Since launching in 2004 with the release of Half-Life 2, Valve's Steam PC game download service has expanded greatly and today it is now considered to be the single biggest source of PC games via download with over 30 million registered users. Late on Friday Valve announced on the Steam web site that it has made some improvements that will help both the users of the service as well as the developers and publishers of the games available on Steam.
According to the site, "The maximum aggregate bandwidth of the system will be greater than the current system; this will help us satisfy spikes in demand when there’s a big release." This new system should also allow more consumers from other parts of the world to have better download rates for grabbing PC games via Steam. Valve adds, "All the content on the new system is sent via HTTP; this is more firewall-friendly than the current system, and will automatically take advantage of web-caching proxies installed at ISPs."
The new system should also improve the size of updates and patches via Steam. Valve states that with the previous version of Steam, " ... if an individual file on disk were modified by a game update, your client had to download the whole file," With the new download system in place Valve says it now " ... supports delivering only the differences between the old and new files, meaning game updates will be much smaller overall." So far only some of the content on Steam is using the new download system. However, Valve says more games, including the developer's upcoming game DOTA 2, will use it. You can go ahead and try out the new system by downloading an HD video from the Steam site.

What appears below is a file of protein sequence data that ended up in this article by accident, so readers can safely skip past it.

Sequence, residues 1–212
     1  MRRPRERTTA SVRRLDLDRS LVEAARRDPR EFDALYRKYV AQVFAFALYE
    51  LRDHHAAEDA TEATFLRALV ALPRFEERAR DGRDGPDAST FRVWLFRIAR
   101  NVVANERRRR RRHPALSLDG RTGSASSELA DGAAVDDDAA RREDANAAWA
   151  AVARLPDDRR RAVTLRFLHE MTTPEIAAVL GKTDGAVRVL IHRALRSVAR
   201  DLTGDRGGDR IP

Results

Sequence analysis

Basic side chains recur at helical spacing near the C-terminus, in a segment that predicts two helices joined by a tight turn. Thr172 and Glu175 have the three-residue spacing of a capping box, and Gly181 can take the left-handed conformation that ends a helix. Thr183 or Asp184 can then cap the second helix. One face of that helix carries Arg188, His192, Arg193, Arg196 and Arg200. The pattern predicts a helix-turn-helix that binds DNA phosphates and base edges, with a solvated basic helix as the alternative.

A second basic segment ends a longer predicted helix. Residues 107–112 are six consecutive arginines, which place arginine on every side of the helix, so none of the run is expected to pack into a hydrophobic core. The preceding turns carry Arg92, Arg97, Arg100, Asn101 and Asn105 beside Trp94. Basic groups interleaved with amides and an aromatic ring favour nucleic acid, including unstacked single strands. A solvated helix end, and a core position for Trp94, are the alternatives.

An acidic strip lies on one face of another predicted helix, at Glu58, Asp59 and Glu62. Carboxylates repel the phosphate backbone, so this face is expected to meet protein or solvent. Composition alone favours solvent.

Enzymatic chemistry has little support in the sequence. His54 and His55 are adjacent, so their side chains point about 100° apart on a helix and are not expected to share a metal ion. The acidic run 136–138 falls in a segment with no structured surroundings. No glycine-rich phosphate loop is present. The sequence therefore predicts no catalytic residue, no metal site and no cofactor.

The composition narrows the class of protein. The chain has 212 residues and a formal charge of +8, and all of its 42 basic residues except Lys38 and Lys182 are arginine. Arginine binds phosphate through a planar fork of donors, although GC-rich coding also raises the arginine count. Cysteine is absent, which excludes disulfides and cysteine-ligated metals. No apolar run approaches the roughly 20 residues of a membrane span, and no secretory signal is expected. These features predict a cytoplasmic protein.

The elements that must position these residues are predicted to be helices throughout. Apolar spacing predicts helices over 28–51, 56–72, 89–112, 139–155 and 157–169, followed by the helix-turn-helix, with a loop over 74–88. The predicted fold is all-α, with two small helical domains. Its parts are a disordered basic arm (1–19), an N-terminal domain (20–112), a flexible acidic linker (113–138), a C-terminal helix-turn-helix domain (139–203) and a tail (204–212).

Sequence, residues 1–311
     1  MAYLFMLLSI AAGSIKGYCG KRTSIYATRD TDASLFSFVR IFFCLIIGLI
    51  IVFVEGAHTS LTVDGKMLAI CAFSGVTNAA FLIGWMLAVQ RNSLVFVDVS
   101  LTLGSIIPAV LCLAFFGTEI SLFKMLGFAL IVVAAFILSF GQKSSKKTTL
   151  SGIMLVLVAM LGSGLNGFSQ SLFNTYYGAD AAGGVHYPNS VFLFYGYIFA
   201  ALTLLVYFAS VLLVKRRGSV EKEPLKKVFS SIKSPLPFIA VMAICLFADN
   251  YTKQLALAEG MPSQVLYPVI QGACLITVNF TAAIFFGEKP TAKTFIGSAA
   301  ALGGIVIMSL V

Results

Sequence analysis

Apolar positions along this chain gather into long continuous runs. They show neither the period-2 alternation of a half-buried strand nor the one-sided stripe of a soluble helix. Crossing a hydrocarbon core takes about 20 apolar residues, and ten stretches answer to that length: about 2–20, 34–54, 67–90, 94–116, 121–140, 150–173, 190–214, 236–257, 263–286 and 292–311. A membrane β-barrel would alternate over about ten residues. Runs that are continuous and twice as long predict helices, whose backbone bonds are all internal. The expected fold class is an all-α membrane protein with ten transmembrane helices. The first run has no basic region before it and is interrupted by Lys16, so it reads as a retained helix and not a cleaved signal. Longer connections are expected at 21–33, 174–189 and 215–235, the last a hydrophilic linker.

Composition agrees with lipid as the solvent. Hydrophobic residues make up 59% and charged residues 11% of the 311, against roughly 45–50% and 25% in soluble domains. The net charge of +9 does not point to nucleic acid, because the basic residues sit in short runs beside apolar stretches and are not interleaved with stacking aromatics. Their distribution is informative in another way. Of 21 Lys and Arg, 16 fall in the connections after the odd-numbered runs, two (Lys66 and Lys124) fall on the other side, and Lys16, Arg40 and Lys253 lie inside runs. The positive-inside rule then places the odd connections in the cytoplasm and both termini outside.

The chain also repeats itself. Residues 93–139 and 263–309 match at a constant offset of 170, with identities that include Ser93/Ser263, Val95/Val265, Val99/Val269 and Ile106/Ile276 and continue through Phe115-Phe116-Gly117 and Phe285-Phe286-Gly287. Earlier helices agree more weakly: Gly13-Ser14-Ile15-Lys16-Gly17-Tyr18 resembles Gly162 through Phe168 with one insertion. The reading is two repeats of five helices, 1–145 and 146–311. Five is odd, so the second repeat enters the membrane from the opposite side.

The new system will also help Valve make adding more games from developers and publishers easier. Valve states, "Simplifying the publishing process means it takes the partner and us less time to ship each product, so we can ship more stuff to more users." More improvements are also in the works with Valve saying they are working on Steam features like " ... download scheduling, bandwidth throttling, and prioritizing which games get downloaded first. You’ll also be able to download an update to a game while you’re playing that game; Steam will apply the update after you exit the game."